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Interdisciplinary technology assessment of service robotics

Interdisciplinary technology assessment of service robotics
Project team:

Decker, Michael (Project leader ITAS)

Funding:

In-house project

Start date:

2010

End date:

2013

Project partners:

Institut für Anthropomatik, Institut für Informations- und Wirtschaftsrecht, Zentrum für Angewandte Rechtswissenschaft, Institut für Berufspädagogik und Allgemeine Pädagogik, Institut für Philosophie, Institut für Wirtschaftspolitik und Wirtschaftsforschung (alle KIT)

Research area:

Innovation processes and impacts of technology

Project description

A service robot is commonly defined as a robot which operates semi- or fully-autonomously to perform services useful to the well-being of humans and equipment, excluding manufacturing operations. Service robots are predicted to have an innovation potential similar to the huge impact of industrial robots. So far, service robot systems are mainly implemented in areas such as defense, rescue, safety and agriculture, usually supervised by human experts and in protected surroundings. However, service robots regarded here have to operate in exposable areas with possibly affect numerous people or even accomplish activities directly on humans, for example services affecting health care. These services demand laypersons to be able to deal with robots safely and properly and could affect non-participants close-by as well. Furthermore, the living environment can only be adapted to the implementation of service robots to a limited extent.

One case study deals with the implementation of service robotic systems in the nursing and geriatric caregiving sector. This very example seems particularly worth considering due to the changes in the age pyramid of the population and the associated escalating requirement for care performances imminent in many modern societies. Extended robotic assistance could help people to remain at home for a longer period and could potentially contribute to reduce costs as well and hence be a socially preferable option. On the other hand, ethical aspects affecting freedom, autonomy and the needs for social contacts and attention probably impose restrictions. Up to now service usually is provided by humans. Careful human service is characterized by detailed adaptation to the individual demand particularly including the so-called soft skills like friendliness, courtesy or empathy which cannot be provided by robots.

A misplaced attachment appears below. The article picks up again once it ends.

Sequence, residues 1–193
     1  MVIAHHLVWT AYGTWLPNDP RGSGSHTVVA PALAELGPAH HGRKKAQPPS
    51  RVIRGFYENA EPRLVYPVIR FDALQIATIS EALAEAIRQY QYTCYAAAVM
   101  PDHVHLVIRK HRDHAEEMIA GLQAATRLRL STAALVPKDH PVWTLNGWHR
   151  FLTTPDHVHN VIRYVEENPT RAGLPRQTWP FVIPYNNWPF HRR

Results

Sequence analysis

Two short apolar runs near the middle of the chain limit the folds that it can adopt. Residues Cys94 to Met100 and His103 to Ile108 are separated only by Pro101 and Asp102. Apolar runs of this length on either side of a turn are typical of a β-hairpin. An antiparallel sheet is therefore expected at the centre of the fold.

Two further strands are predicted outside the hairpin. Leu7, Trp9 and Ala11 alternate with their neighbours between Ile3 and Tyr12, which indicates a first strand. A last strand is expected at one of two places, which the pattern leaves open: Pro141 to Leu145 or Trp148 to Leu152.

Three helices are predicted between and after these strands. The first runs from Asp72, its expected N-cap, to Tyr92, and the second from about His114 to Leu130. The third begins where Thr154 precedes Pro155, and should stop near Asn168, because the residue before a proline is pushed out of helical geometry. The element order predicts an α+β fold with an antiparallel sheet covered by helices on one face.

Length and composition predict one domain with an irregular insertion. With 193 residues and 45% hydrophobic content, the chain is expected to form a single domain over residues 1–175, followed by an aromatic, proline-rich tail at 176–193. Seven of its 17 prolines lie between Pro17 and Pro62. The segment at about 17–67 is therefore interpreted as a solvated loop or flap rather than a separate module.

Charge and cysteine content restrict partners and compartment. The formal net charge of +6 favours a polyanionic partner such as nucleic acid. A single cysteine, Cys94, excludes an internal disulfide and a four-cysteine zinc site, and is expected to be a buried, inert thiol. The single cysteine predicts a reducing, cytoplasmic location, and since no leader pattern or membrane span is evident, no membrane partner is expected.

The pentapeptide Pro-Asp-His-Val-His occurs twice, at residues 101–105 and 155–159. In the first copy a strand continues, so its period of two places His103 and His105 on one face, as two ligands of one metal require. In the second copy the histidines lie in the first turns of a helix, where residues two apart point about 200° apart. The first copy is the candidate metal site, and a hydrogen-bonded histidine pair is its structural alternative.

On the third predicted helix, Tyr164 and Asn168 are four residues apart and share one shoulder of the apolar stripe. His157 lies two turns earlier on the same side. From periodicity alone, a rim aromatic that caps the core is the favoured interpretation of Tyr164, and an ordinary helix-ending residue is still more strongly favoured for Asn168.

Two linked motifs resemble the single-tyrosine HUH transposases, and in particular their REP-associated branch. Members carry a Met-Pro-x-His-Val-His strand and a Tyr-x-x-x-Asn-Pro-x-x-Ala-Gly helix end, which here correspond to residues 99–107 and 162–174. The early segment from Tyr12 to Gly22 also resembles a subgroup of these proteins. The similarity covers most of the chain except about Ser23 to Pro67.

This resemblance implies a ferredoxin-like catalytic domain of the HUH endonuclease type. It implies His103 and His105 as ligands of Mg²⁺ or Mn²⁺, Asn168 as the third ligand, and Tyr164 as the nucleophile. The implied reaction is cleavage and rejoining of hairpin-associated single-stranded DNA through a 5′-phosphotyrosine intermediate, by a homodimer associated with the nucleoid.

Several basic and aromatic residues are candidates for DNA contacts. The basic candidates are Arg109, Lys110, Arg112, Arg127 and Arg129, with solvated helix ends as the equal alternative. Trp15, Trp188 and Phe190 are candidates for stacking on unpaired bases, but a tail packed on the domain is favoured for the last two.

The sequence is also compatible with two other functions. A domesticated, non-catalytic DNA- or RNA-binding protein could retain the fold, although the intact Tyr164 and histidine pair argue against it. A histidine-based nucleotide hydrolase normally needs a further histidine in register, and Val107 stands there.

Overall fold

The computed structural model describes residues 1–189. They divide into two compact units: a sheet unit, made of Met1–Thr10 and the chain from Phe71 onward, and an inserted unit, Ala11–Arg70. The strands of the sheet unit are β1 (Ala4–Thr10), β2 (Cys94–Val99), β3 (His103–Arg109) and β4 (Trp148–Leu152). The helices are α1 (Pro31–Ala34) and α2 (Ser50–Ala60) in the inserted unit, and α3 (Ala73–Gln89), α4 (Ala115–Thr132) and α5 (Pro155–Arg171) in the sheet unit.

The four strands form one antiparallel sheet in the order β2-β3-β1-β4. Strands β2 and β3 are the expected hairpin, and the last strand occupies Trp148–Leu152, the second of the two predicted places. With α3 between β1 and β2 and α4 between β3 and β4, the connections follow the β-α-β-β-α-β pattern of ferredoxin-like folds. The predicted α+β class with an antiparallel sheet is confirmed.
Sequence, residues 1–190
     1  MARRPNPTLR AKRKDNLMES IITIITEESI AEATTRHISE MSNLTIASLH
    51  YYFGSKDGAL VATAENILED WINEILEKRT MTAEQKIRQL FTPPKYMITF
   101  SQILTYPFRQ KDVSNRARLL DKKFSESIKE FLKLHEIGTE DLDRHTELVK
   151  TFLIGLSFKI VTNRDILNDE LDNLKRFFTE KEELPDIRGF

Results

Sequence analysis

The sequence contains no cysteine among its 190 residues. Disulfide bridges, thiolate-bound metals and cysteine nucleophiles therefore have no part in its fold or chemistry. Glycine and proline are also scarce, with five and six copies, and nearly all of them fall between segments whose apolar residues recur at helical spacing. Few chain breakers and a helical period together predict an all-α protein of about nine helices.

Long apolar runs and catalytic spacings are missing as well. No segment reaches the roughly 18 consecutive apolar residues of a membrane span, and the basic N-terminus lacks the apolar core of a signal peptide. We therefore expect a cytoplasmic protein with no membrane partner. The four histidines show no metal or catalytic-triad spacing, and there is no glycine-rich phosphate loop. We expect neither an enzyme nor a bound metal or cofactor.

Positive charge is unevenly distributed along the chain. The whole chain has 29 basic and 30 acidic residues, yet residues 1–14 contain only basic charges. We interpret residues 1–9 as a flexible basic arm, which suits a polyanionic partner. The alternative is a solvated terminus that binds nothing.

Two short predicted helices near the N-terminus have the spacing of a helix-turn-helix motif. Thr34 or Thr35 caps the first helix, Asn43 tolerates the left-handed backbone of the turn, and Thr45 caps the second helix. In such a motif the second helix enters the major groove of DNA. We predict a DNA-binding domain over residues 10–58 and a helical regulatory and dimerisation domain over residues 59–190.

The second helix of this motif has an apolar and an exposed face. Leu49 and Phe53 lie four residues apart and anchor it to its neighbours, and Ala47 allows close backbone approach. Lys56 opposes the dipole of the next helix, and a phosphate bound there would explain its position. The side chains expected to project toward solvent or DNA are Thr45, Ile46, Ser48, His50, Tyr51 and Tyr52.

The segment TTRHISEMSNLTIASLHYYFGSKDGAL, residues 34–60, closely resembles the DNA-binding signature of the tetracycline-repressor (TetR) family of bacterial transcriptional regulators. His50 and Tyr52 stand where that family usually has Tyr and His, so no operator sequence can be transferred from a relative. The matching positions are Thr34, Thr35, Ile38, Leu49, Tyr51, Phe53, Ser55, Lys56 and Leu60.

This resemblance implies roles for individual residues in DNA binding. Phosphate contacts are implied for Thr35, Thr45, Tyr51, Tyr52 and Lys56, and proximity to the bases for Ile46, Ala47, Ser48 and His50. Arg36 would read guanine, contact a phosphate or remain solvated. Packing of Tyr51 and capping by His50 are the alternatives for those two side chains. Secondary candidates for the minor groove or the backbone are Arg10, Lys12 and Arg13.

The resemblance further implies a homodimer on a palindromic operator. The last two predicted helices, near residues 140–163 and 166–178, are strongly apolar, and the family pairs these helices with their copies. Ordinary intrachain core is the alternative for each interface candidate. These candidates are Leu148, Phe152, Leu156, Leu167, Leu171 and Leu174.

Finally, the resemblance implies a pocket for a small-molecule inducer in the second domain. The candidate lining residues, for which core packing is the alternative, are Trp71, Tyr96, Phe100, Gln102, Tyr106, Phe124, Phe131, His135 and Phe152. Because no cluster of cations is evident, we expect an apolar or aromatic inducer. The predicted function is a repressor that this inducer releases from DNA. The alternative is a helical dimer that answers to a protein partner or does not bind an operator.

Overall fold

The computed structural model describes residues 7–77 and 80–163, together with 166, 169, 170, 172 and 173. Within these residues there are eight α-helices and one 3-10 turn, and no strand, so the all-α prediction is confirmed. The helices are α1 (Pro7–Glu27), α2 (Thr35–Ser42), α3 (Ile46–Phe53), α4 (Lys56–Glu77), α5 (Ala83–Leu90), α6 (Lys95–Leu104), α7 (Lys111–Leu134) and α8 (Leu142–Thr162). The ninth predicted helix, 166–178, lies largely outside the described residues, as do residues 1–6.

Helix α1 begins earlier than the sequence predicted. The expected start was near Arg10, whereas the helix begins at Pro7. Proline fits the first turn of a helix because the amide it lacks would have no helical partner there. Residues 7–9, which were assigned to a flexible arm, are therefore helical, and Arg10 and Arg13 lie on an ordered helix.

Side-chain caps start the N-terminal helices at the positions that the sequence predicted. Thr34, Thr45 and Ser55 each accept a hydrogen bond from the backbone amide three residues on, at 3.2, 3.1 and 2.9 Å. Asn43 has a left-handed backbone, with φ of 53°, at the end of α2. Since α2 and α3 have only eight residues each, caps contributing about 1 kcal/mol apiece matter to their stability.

The described circumstances and the specific features of service robotic systems which are unequal in different domains induce a broad field of open questions on the potentials, risks and the appropriate promotion or restriction in certain areas which are to be analyzed and evaluated from the perspective of technology assessment. The research work will thereby combine different relevant disciplinary perspectives. Technical, economic, legal, ethical, methodological, anthropological and psychological aspects are to be combined to finally give a concise assessment and transdisciplinarily acceptable recommendations on the assignment of service robots in the various sectors of society. The final study shall address the relevant scientific disciplines, politics and the general public likewise.

Project group

  • Professor Dr. rer. nat. Michael Decker (chairman), Karlsruhe
  • Professor Dr.-Ing. Rüdiger Dillmann, Karlsruhe
  • Professor Dr. jur. Thomas Dreier, Karlsruhe
  • Professor Dr. phil. Martin Fischer, Karlsruhe
  • Professor Dr. phil. Dr. phil. nat. Mathias Gutmann, Karlsruhe
  • Professor Dr. rer. pol. Ingrid Ott, Karlsruhe
  • Professor Dr. jur. Indra Spiecker genannt Döhmann, Karlsruhe

Publications

Contact

Prof. Dr. Michael Decker
Karlsruhe Institute of Technology (KIT)
Institute for Technology Assessment and Systems Analysis (ITAS)
P.O. Box 3640
76021 Karlsruhe
Germany

Phone: +49 721 608-23007
E-Mail